Thursday, March 1, 2012

I Love(d) my job.

*Written 01/26/2012, publication delayed for professional reasons*

Everyone has been through a break-up or five. Or six. Some are awful and leave you bleeding for months, others are a simple snip-and-gone, but more and more of us are dealing with an entirely new kind of break-up, one we didn’t see coming, one that cuts to the quick. None of us has any experience, so how do we get over our careers?

While I’m still mourning my loss, still being accidentally dialed by my old co-workers, I’m ‘dating’ again. I’ve been on all the job dating sites, sent out zillions of resumes, and gone on a few ‘first date interviews’, and I have the highly anticipated mightily dreaded second interview coming up in a few days. Now, I’m not what people would consider a stick-in-the-mud. Change and adaptation are long time companions for someone who has moved, changed jobs, and replanted gardens in so many different soils, but this is hard. Of all the jobs I have applied for, this one is the best fit, the best combination of pay, hours, and benefits. Yet at half what I was making before, I am having trouble finding my gratitude for a job I don’t even have, and desperately need, which brought me to the realization that I’m not over my old job.

You see, I’d found The Job a few years back. The one from which you expect to retire. It was no great shakes, I wasn’t running the space program, but it suited me. I enjoyed my work and made enough money to see a modest but stable future, and I was content. Then, as for so many others, the bottom fell out. I’ve spent the last year looking for a ‘get by’ job, and am now facing a second interview for a job I only kinda want, because what I really want is my old life back.

All of this has brought to the fore the fact that we have to take job loss seriously not just for financial reasons, but for emotional reasons. They can’t be shoved under the bed and forgotten. Most of us spend more of our waking hours at work than anyplace else, and the loss of that job, that life, has to be mourned, processed, and worked through if we are to have a successful relationship with our new workplace. So before I go into my second interview, I need to drop some baggage, commiserate with friends, erase my preconceptions, delete some phone numbers, and move on, broken heart and all.

Thursday, January 26, 2012

Chivalry? Thanks, But No Thanks.

This issue has been cropping up for a long time, but it was brought freshly to mind today when an overeager teenage bagger swept up my two small bags of groceries and tried to make off with them. He certainly hadn’t done that for the four bags of the customer before me, in fact, he hadn’t even offered to take those bags out. I can only assume this is because the last customer was a man.
First let me say that I get that most of you are being gentlemen. I applaud the good manners and respect that we can show each other with a few standard phrases and actions, but it’s long past time for an update, and perhaps a few thoughts on why women say ‘thanks, but no thanks’.
I have often gotten disgruntled looks for refusing ‘help’ from men when lugging stuff up & down stairs, doing yard work, carrying groceries, etc.  I am surprised by how frequently am pressured by both men and women to get or submit to ‘help’ from men, and I am left feeling I’ve been rude not to take assistance I don’t want or need. Why turn away a friendly gesture?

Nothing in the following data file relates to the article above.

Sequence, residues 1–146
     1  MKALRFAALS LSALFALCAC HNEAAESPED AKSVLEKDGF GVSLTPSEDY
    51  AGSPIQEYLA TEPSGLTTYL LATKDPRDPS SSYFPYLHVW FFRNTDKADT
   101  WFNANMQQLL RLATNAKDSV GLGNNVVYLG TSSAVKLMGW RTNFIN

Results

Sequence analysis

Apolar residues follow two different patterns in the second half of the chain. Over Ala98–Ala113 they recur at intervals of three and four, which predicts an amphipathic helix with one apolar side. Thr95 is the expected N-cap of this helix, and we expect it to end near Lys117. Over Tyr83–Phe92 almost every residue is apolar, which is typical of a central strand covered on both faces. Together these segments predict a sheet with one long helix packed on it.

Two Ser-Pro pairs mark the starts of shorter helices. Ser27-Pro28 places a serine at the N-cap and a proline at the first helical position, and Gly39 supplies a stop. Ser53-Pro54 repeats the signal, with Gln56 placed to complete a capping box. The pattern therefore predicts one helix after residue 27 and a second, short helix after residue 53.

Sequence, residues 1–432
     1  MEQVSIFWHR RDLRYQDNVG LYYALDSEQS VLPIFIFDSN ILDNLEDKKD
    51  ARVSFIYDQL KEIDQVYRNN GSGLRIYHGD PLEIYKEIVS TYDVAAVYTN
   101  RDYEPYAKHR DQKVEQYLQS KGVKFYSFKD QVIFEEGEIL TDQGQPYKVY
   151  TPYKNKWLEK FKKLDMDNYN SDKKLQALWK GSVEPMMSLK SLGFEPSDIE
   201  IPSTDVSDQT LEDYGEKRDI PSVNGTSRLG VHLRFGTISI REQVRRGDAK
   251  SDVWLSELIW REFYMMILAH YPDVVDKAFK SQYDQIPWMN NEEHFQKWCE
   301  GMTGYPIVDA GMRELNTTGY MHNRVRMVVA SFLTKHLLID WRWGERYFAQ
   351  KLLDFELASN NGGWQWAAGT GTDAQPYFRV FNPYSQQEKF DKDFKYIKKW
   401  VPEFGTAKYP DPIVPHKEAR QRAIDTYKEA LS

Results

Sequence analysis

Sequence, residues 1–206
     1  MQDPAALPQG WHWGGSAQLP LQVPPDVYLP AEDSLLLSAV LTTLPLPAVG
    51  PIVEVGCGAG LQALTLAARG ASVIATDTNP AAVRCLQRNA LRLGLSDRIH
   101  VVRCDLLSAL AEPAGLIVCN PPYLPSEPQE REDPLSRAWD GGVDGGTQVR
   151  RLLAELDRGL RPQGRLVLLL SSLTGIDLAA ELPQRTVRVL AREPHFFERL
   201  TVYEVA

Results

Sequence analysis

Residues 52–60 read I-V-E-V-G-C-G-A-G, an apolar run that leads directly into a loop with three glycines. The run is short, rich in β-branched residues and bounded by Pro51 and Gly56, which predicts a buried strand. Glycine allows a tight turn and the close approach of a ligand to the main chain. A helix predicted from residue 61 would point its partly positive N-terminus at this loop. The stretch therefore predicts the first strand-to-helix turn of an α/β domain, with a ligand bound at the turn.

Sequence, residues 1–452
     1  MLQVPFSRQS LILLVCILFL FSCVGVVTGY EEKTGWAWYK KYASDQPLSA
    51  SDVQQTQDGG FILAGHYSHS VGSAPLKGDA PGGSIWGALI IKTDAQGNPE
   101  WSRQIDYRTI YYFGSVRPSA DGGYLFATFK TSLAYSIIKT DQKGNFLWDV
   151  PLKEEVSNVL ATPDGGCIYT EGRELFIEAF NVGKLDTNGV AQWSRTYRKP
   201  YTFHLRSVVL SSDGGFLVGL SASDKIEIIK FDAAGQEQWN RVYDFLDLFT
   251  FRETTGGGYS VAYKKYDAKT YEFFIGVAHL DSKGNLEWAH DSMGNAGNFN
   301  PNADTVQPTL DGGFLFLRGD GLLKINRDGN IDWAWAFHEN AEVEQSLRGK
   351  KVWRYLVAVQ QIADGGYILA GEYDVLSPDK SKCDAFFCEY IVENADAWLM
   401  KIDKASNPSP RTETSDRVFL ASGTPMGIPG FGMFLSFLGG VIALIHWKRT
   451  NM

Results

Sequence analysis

1. because I don’t actually need the assistance. I am healthy and in fairly good shape and doing things for myself helps me stay that way.
  2. the world being what it is today, any offer of help to a woman from an unknown male is going to be greeted with suspicion by any safety-conscious female. 
  3. many of the offers feel vaguely disparaging.
How can an offer of help be disparaging? Sometimes it is the context, after all, would you ask a man checking his oil or re-threading a weed-whacker if he needed help? It can be the tone, the manner, the words, but so many offers of or agreement to help sound an awful lot like ‘let someone more qualified handle that’, and then I am left ticked off by what should have been a friendly gesture, not a patronizing act of belittlement. If it seems like I’m being oversensitive, you might want to keep in mind that every single feminine word is used as an insult when men are speaking to each other. I gotta say, that doesn’t feel good.
On the occasions when I could use a hand with a two person job, I feel an awkward hesitation in asking men for help, especially in the workplace. Not only have my requests often met with boastful proclamations of superiority thinly frosted with humor, the ‘help’ too frequently turns into the man trying to take leadership of the task. Needing help to accomplish something doesn’t necessarily mean we don’t have the abilities or knowledge to carry it out, only that it requires more than one person to do so. Why is it that men can ‘pitch in’, ‘be a team player’, or ‘lend a hand’ for other men, but women are being ‘rescued’? I would dearly love to know, because though I have a thousand ways of politely saying ‘no thank you’,  ‘yes please’ can feel like a gender failure.
All that being said, please and thank you never go out of style, and I’ll keep letting you open doors for me, but don’t be surprised when I open them for you too.